Radical Markets review: ‘Read this difficult and provocative book’
Paschal Donohoe: ‘It made my head spin. In a world where our economic and political models are worth defending but are straining, this can only be a good thing’
Radical Markets: The floating house was launched by accommodation website Airbnb to celebrate new rules on home sharing which allow people to share their homes with travellers for up to 90 days a year. Photograph: Mikael Buck/Airbnb/PA Wire
Radical Markets, Uprooting Capitalism and Democracy for a Just Society
Eric A Posner and E Glen Weyl
Princeton University Press
This year marks the 45th anniversary of the publication of the Report of the Committee on the Price of Building Land. Otherwise known as the Kenny Report, it grappled with the consequences of the soaring price of land and how the benefits of this wealth could be better distributed.
In the period preceding the report, land value had increased fivefold, enabled by the building of publicly funded infrastructure. The report recommended that public authorities have the right to acquire land at market prices with an added premium of one quarter.
That this proposal was never implemented is hardly a surprise. It would be an unprecedented intervention with property rights. Furthermore, it would have set the price of purchase, not through exchange or negotiation but by fiat.
While the deficiencies of markets are well understood, remedies have mostly originated from the left of the political spectrum. Their argument is that we need smaller and less powerful markets.
This provocative and original work, by two American economist lawyers takes a radically different approach. Radical Markets begins by acknowledging current challenges. This is described, somewhat inelegantly, as “stagnequality”; a “lower growth combined with rising inequality rather than inflation”.
Their policy response is different to centrist politics, it is to radically expand the size and operation of markets. New forms of exchange are proposed for property, voting, migration, data and competition policy.
None of these ideas will make it into Budget 2019, or indeed any other budget that I might be involved with. The authors acknowledge this when they write “Our proposals will require years of testing, improvement, and gradual scaling up before they are ready for full implementation”.
But this is what makes this book worth reading. Certainties are changing. The most valuable accommodation company in the world owns no hotels. Cars might soon have no drivers. Intellectual property, which we cannot touch, is worth more than many factories.
This book imagines an impossible world. But imagination always has a value.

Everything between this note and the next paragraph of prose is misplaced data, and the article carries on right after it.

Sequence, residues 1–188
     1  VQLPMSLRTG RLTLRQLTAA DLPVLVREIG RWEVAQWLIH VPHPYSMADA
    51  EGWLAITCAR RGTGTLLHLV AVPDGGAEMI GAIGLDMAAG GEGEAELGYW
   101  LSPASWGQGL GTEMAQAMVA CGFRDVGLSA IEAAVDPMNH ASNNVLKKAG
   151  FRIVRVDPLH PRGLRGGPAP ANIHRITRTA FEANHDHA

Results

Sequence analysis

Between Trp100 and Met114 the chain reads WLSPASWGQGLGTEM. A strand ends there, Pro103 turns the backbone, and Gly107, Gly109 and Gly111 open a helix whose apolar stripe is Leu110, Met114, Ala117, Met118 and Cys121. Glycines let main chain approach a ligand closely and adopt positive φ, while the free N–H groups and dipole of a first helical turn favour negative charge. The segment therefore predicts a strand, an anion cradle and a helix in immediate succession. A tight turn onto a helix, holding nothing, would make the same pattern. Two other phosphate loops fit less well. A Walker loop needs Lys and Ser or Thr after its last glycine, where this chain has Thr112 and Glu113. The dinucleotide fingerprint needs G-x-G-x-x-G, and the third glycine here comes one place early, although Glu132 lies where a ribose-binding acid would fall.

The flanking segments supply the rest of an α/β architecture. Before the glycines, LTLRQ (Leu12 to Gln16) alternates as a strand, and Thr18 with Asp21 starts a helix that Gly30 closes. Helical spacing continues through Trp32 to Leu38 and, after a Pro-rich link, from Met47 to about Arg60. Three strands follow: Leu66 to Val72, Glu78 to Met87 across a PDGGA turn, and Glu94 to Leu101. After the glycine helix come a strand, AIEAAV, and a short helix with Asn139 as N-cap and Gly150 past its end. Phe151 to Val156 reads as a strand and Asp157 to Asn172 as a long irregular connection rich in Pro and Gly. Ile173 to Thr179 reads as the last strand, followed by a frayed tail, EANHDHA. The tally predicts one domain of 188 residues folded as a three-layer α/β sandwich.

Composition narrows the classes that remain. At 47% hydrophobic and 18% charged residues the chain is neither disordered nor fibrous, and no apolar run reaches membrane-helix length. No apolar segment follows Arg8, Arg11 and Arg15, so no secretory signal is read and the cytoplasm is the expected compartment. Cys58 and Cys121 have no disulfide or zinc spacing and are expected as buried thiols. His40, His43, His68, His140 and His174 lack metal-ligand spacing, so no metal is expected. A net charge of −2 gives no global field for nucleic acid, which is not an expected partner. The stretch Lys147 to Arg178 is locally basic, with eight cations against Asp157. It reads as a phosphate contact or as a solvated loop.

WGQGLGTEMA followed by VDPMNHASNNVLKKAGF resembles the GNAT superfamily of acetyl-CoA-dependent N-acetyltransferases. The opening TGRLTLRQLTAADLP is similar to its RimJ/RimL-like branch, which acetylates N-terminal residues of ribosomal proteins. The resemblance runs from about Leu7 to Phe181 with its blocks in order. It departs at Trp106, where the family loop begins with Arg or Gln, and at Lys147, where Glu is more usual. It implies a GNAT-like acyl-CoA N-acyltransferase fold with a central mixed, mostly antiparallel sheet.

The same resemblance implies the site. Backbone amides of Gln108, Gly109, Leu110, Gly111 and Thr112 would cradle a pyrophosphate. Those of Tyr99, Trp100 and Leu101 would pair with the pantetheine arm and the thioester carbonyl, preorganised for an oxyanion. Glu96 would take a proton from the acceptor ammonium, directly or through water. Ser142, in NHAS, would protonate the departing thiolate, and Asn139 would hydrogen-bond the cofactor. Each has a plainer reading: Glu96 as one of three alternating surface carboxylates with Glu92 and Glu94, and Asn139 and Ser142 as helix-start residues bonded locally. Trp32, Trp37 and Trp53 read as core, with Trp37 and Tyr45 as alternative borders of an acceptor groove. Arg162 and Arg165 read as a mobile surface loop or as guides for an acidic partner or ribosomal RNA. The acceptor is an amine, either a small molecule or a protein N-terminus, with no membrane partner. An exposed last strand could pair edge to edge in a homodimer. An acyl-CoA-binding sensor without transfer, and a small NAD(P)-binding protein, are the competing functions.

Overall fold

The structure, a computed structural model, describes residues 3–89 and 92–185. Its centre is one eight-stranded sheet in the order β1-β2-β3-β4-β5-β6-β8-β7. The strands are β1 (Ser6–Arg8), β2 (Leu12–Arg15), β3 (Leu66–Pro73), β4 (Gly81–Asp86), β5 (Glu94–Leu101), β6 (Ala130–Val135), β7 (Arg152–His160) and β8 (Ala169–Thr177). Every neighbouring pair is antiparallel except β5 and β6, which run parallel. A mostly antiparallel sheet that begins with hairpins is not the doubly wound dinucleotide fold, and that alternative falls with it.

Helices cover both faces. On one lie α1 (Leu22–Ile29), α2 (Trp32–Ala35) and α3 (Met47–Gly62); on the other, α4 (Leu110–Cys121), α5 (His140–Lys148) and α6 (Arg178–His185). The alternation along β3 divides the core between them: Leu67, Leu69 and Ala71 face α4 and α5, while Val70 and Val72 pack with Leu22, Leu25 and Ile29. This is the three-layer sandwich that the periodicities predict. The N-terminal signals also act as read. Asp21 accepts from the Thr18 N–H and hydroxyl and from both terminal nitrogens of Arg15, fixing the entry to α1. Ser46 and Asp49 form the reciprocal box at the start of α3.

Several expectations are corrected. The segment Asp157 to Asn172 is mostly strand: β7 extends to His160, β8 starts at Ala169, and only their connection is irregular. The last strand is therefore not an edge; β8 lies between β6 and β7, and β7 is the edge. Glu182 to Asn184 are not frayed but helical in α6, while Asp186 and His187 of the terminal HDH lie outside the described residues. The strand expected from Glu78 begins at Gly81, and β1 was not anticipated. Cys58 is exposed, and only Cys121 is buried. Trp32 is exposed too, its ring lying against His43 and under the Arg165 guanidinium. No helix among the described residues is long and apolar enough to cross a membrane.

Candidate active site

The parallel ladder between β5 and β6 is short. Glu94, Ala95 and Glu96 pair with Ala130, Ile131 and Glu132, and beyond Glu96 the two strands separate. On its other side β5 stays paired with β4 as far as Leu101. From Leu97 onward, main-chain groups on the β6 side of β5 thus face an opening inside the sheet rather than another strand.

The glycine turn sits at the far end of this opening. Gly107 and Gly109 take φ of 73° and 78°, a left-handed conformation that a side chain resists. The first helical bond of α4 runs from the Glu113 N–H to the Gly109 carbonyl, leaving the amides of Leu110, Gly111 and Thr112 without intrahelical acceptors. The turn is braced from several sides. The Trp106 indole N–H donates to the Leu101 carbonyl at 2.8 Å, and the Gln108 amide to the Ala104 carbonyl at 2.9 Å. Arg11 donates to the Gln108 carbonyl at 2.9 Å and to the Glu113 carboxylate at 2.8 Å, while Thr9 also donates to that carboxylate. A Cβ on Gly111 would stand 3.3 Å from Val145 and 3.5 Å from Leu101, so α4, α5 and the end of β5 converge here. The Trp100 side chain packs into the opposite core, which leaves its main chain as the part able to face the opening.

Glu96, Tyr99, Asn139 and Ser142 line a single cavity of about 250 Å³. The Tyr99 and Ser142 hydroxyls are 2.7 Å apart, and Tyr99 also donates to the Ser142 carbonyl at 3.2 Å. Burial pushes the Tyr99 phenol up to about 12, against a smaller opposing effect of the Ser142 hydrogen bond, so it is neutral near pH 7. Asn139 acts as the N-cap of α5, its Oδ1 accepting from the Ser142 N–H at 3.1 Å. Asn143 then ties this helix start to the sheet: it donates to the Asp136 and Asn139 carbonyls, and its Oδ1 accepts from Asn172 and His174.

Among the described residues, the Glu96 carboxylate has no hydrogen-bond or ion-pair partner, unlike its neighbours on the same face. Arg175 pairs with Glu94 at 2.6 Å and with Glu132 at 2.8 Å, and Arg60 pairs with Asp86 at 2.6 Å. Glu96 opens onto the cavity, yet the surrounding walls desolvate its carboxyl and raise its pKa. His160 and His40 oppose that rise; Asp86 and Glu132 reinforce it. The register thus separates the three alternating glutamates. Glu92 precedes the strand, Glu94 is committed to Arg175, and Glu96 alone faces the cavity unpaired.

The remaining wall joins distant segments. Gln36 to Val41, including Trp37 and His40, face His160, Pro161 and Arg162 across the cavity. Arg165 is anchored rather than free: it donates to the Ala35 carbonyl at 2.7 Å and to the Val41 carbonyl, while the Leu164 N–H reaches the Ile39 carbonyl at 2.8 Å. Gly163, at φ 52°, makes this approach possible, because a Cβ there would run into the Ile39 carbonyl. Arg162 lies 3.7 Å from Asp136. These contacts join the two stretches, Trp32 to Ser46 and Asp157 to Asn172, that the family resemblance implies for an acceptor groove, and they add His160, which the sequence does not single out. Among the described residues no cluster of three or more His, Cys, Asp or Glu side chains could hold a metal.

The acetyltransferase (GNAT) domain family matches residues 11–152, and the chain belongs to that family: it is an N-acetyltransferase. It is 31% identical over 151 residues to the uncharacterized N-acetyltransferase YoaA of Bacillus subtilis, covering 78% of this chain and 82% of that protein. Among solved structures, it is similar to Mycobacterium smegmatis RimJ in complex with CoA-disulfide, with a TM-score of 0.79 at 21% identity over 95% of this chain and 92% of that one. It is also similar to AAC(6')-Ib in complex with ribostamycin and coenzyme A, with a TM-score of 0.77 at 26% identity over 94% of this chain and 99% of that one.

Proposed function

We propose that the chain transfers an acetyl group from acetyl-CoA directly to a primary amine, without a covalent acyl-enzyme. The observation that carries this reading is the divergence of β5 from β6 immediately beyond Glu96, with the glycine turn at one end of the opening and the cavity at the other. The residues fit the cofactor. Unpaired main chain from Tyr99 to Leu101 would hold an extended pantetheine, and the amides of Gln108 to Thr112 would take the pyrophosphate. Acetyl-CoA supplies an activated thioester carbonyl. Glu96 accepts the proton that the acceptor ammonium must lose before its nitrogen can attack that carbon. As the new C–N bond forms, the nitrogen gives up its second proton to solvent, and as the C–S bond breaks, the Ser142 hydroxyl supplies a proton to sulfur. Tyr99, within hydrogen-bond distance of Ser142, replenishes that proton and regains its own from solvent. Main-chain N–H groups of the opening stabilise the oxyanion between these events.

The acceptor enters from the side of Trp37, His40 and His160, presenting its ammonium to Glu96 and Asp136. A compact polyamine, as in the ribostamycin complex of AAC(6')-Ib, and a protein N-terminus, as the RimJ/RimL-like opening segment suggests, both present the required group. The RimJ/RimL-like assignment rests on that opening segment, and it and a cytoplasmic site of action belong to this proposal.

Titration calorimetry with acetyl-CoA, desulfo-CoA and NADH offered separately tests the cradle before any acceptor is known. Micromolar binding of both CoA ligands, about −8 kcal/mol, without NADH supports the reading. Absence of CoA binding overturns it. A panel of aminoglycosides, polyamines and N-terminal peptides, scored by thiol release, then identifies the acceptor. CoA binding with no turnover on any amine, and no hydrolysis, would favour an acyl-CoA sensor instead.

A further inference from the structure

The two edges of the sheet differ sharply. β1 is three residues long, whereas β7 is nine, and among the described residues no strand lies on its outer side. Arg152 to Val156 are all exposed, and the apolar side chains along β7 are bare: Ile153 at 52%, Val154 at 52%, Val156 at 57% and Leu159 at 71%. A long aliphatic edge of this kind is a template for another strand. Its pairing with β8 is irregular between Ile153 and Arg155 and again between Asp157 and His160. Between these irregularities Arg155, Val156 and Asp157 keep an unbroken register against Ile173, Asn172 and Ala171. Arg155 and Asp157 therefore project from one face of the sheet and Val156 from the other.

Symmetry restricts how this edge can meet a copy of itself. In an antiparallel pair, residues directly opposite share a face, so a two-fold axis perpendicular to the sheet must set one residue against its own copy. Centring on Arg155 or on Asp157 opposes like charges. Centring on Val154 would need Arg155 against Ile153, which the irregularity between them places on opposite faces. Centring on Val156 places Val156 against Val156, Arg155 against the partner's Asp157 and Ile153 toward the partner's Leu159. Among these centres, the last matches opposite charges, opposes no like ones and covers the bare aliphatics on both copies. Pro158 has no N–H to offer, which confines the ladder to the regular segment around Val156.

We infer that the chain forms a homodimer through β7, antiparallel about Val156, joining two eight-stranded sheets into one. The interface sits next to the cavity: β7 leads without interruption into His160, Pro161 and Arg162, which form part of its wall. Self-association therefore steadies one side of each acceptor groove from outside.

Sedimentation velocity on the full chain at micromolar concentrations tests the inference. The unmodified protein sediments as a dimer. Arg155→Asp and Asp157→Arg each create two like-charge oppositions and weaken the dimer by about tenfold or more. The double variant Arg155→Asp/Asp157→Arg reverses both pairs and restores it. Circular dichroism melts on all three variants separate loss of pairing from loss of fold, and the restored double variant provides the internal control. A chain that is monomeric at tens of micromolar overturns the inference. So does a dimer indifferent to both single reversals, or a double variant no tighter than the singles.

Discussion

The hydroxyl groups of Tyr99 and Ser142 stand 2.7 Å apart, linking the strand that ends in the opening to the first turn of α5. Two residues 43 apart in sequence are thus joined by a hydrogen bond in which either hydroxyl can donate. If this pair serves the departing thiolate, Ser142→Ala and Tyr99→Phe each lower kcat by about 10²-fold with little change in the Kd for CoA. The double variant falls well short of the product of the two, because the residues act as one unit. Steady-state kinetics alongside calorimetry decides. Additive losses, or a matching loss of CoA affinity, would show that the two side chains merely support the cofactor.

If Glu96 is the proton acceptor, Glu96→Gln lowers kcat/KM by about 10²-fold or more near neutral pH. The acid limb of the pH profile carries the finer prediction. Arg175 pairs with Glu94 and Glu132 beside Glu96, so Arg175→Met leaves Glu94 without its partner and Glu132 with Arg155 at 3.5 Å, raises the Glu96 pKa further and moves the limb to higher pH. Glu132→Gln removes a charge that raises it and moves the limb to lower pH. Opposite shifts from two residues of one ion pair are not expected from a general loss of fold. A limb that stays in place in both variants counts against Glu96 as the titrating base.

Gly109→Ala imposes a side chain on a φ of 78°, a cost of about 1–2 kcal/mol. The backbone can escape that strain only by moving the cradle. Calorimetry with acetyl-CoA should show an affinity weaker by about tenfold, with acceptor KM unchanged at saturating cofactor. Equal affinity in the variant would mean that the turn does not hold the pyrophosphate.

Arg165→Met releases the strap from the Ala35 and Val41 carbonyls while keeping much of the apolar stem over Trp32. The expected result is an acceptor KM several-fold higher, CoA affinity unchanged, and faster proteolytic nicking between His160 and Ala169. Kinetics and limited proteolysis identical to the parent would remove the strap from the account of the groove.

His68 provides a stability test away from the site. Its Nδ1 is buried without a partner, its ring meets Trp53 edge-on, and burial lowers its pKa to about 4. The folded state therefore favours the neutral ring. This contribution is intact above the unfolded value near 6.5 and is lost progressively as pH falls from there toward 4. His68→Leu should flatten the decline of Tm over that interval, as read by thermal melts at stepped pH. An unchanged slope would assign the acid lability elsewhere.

This impossibility is most evident in the chapter on property. The very ownership, it is argued, of private property creates a “monopoly problem”, where wealth is concentrated in land ownership and owners can stifle any initiative that increases the public good.
So the answer is simple, “people rent land but do not own it, private property in land is abolished”. Even some of my colleagues on the hard left would flinch at this!
In this world, the possessor of the property assesses the value of their asset. This value is then taxed, creating an income stream for the State. The higher the valuation, the higher the tax.
However, and stick with me on this, if any other citizen is willing to pay the asset price then the property must be sold. The authors conclude that “possessors become lessees from society”. This is an attempt to sever ownership from exchange, and introduce a market for land use as opposed to ownership.
This is in the realm of science fiction, not plausible policy. However the disruptive nature of the analysis is a cause for reflecting on that which appears certain now.
Similar insights are yielded when the authors examine the nature of voting. They contend that “a vote can tell you only whether a person prefers one outcome to another, but not how much the person prefers the outcome”.
This is contrasted with the operation of price levels within economies. It is possible to signal intensity of preference by how much you are willing to pay for a good or service.
Posner and Weyl argue that “we need a way of determining whether the intense preferences of the minority outweigh the weak preferences of the majority”.
A model called Quadratic Voting is suggested. Each citizen has the same allocation of voice credits. These credits are used to cast multiple votes, but it costs more credits to cast votes on any particular topic. This means the voter has to express a view less on other matters.
Again, there is no prospect of this happening in any democracy. But in a world where algorithms determine what news we see, it reminds the reader of the radical possibilities enabled by technology.
The authors aim to create “Radical Markets” to “help break down privileges based on wealth and economic advantage”. These proposals are literally incredible. But we now grapple with developments that once were the stories of science fiction.
This is typified by the magnificent epilogue which explains markets through the computing concepts of distributed computing and parallel processing. It then suggests a world where artificial intelligence will take the place of these markets.
Read this difficult and provocative book. It made my head hurt, and then spin. In a world where our current economic and political models are worth defending but are straining, this can only be a good thing.
Paschal Donohoe TD is the Minister for Finance and Public Expenditure and Reform